Princeton U. Says Campus Event Against Terrorism is “Too Inflammatory” Princeton University has cancelled a speaking event by three former Middle East terrorists because it says that the use of the word “terrorist” in the promotion for the event is “too inflammatory.” Two of the three self-described former terrorists were members of the PLO. Each of them apparently converted to Christianity. Here is the must-read story of one of the group, Walid Shoebat, who is now an ardent Zionist. Meanwhile, another former PLO member is likely to be named a full professor: Khalidi is Sole Candidate for History Position As detailed in Campus Watch:
Rashid Khalidi is trying to weasel out of having worked for the PLO: Mr. Khalidi dismisses the allegation that he served as a PLO spokesman, saying, “I often spoke to journalists in Beirut, who usually cited me without attribution as a well-informed Palestinian source. If some misidentified me at the time, I am not aware of it.”
Here is another corroborating quote about being a PLO employee from the New York Times (February 19, 1978) that is not widely known because of an alternate spelling of the last name:
If the Israelis had any brains they could neutralize Palestinian irredentism just by giving back the West Bank,” asserted Rashid Khalidy, an American-educated Palestinian who teaches political science at the American University of Beirut and also works for the P.L.O. “It would split us.”
Khalidi and Khalidy are clearly the same person. According to the Columbia Spectator, he was a professor at the American University in Beirut before his first stint at Columbia:
Khalidi came to Columbia in 1985 after teaching at Lebanese University and American University in Beirut. He has taught in political science and history departments.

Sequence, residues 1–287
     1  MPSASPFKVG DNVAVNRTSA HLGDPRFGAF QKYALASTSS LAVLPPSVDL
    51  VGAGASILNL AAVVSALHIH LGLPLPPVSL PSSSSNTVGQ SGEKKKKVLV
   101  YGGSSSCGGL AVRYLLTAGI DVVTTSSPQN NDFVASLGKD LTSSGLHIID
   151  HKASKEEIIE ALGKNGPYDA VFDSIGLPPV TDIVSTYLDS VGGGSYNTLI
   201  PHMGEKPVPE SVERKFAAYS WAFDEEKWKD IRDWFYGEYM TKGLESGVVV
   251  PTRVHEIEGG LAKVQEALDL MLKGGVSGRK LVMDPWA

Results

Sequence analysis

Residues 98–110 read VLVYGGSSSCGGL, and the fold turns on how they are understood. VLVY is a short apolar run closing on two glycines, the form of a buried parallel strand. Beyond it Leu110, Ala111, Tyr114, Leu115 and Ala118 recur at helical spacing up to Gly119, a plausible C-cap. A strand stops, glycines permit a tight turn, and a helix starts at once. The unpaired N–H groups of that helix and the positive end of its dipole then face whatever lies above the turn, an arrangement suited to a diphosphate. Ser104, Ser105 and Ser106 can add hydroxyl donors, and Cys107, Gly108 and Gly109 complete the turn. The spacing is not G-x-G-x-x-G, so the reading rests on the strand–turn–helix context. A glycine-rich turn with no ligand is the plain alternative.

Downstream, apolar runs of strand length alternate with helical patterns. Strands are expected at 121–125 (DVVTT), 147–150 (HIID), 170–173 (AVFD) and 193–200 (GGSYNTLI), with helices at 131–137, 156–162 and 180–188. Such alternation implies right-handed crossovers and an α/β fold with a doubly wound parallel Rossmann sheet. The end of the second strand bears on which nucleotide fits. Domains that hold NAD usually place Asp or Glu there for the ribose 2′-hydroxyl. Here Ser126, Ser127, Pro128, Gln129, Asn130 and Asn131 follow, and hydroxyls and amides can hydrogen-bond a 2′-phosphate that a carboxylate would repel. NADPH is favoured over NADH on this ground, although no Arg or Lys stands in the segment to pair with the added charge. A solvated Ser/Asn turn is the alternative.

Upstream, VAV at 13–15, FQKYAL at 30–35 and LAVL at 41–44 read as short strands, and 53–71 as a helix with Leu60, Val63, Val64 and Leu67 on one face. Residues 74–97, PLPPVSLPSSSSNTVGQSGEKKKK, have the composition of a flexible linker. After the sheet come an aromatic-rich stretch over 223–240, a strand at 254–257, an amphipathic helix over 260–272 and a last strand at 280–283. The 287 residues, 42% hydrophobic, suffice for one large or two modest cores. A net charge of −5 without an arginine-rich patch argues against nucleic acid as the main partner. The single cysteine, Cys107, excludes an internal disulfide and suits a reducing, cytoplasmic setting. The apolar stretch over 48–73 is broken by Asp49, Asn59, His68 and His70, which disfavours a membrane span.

According to the New York Times, the Columbia Khalidi seems to have known Arafat from that time period:
Rashid Khalidi, a Palestinian-American professor at the University of Chicago who has known Mr. Arafat since the 1970’s, said he visited Mr. Arafat recently and found him battered not only by the Israeli siege that confined him to his headquarters here but also by the recent calls for reform.
Khalidi should come clean about his terrorist connections. Here is what Khalidi’s employer did a few weeks after his Times interview:
On March 11, 1978 eleven terrorists, again coming from Lebanon with Zoadic rubber commando dinghies, landed at the beach of Kibbutz Ma’agan Michael. They killed an American photographer and a taxi driver and hijacked a bus, whose passengers, including many children, were on a day-trip to the north. The hijackers forced the driver to return to Tel Aviv. Driving on the coastal highway, the terrorists fired on passing cars from the bus. When the bus approached a blockade set up by the police at an entrance to Tel Aviv, a shootout took place. The terrorists left the bus and fired missiles. The bus burst into flames and most of the passengers were either burned alive or killed by terrorist gunfire. The massacre left 35 innocent people dead and 100 injured. The terrorists were identified as belonging to Fatah; nine were killed and two captured.
Source: Barak at IRIS